Ridge subduction and the resulting plate rearrangement have the potential to have a major influence on regional geology. A series of fault basins around the Japan Sea and the East China Sea have been recognized that developed or reactivated during the period we propose corresponds to the phase of the Izanagi–Pacific ridge subduction (Fig. 1). The development of these basin-forming faults may have been influenced by mantle flow driven by subduction of the Izanagi plate or Izanagi–Pacific ridge and the changes in subduction vectors described above (Cao et al. 2018). A multistage faulting system in the Bohai Bay Basin including movements before and after the proposed time of ridge subduction records a clockwise shift of the main extensional trend of basin-forming lifting compatible with our proposed rotation history (Zhu et al. 2020; Yuan et al. 2022) and suggests that the switching of subducting oceanic plates with different convergent vectors can result in widespread deformation of the continental margin.

6.5 Crustal erosion: relationship with the Median Tectonic Line

Reconstructions of Cretaceous–Paleogene arc migration in SW Japan suggest the presence of a stage of large-scale crustal removal along the MTL. The recognition of an arc deficit and the ~ 20 degrees obliquity of the SW Japan arc front to the MTL indicates that shallower crustal erosion occurred associated with block rotation of SW Japan during 60–46 Ma (Fig. 12).

The locations of the paleo-arcs can be used to estimate the amount of material lost perpendicular to the arc. If the parallelism of the paleo-arcs is preserved, the crustal loss can be estimated as the distance to the envisaged 130 Ma arc front. For example, since arc fronts of the 110–100 Ma and 70–60 Ma periods can be observed in the Kyushu and Chubu regions, respectively; the horizontal distances perpendicular to the 130 Ma arc estimated based on arc migration rates (6–7 km/Myr) are 100–200 km and 400–500 km. Note that these estimated amounts of crustal shortening are assumed to be all accounted for by the CW block rotation, but they are minimum estimates because they do not consider the possibility of erosion of the forearc region between the 130 Ma arc and the younger accretionary complexes.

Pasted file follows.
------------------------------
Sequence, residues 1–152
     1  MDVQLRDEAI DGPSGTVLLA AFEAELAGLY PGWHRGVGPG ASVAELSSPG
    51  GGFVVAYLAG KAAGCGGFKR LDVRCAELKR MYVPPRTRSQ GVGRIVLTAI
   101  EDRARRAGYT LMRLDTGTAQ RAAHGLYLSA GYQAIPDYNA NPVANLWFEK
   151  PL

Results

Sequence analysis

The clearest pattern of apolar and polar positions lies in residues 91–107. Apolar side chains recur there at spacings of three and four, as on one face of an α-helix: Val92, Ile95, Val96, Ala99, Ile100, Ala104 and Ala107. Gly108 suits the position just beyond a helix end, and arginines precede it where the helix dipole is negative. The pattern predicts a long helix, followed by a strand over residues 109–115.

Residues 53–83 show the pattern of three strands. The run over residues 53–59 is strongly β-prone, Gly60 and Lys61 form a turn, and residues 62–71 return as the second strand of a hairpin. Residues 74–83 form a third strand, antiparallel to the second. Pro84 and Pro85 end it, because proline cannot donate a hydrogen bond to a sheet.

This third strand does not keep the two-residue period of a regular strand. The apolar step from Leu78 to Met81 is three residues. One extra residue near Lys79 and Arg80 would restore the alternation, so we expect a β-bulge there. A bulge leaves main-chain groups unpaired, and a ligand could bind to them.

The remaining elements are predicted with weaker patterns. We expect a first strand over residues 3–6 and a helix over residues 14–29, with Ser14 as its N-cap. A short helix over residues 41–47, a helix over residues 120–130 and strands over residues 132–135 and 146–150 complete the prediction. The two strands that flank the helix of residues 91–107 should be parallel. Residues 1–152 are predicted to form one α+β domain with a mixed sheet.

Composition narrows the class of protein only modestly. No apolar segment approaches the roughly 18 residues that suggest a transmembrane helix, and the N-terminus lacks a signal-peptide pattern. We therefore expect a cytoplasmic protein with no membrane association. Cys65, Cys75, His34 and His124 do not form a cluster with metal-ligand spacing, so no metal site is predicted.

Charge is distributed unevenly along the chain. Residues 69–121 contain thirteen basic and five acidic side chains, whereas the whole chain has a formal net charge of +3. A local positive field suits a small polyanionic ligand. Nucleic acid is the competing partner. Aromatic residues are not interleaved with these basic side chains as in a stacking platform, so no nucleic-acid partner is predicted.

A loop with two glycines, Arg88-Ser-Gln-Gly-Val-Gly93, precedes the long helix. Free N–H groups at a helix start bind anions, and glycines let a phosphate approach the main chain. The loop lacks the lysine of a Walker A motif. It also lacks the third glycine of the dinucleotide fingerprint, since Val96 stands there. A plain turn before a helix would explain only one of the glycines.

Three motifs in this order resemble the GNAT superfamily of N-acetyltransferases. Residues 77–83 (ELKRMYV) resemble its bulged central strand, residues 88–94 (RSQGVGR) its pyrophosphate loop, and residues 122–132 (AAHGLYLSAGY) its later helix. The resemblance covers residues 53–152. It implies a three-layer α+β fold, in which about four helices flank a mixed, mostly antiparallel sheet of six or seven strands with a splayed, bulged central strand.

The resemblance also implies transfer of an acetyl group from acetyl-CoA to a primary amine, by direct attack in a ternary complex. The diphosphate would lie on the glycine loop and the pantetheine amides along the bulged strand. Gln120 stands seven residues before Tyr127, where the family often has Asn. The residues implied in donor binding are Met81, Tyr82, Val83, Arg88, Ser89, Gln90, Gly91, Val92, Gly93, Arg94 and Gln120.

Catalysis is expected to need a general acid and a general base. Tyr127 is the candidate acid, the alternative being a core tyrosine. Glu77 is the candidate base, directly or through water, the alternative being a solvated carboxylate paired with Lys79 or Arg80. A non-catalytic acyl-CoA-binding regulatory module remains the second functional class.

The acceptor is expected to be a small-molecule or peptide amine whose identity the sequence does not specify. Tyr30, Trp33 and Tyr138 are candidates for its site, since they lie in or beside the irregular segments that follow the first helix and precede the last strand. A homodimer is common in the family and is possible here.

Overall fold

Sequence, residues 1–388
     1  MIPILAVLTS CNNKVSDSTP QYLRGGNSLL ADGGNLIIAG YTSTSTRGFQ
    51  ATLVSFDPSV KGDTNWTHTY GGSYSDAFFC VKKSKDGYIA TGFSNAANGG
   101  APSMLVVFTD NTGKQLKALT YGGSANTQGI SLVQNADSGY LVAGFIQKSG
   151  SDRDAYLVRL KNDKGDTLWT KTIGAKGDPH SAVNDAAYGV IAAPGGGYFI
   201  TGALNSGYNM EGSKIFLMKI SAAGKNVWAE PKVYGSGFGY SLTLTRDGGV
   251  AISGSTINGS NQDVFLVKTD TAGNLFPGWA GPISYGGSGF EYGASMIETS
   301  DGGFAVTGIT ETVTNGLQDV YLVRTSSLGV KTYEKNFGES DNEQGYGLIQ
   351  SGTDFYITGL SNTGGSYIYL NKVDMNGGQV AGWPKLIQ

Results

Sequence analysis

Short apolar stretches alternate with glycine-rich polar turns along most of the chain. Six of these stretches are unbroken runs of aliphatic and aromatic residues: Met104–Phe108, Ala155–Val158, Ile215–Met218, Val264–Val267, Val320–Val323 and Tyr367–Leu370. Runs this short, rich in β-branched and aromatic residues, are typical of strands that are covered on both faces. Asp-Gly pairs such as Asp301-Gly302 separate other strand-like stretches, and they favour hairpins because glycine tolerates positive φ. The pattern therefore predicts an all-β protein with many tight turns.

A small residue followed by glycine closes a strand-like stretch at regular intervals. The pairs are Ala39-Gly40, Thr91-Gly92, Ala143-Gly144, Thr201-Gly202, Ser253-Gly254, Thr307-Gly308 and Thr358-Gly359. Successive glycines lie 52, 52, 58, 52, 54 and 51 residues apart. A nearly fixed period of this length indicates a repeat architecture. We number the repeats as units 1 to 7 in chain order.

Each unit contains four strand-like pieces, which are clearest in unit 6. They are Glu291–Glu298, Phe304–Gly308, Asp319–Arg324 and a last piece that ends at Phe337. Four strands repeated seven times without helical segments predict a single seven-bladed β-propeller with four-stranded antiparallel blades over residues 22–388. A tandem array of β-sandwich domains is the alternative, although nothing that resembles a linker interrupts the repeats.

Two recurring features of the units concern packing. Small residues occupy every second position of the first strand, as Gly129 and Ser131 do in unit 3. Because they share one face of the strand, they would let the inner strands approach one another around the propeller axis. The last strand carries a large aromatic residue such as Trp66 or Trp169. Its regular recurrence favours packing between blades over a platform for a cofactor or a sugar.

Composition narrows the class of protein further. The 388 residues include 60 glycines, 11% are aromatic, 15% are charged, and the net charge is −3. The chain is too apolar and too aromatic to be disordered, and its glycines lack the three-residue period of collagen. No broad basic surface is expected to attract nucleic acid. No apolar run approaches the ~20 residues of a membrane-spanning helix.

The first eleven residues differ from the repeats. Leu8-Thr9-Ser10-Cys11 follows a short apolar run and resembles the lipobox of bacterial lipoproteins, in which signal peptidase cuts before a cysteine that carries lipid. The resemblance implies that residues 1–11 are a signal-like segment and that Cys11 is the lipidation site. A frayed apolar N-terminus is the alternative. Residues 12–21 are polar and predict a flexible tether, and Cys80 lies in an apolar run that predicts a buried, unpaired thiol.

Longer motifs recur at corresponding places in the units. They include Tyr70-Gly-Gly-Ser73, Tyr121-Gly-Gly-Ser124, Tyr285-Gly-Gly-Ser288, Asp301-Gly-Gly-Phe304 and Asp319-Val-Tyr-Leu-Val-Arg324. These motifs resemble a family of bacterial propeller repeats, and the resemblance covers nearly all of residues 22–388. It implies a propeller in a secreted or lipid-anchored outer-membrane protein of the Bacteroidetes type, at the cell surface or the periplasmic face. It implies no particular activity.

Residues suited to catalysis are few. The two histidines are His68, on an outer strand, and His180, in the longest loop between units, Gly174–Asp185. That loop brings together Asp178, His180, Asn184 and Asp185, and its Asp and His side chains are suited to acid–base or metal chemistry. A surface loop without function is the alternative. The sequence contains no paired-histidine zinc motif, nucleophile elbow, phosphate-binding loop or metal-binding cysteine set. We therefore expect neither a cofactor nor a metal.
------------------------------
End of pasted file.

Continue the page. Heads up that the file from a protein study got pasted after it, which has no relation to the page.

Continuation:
The age of igneous activity constrains the timing of crustal removal associated with block rotation to have occurred 60–46 Ma. The crustal removal during this stage is inferred to have been surface erosion, since the MTL during the relevant period shows large-scale normal fault movement with the foot wall on the outer zone side uplifting (Kobayashi 1995; Fukunari and Wallis 2007; Kubota and Takeshita 2008; Kubota et al. 2020). Large-scale normal fault movement at this time is also supported by the exposure of the Sanbagawa metamorphic belt (Narita et al. 1999; Kusuhashi et al. 2022).

7 Conclusions

A reassessment of the spatiotemporal evolution of felsic to intermediate arc magmatism in NE and SW Japan in the period 130–30 Ma based on a compilation of a 1227-entry database, combined with geochemical considerations and contemporaneous the geological events in Japan and surrounding regions leads to the following conclusions.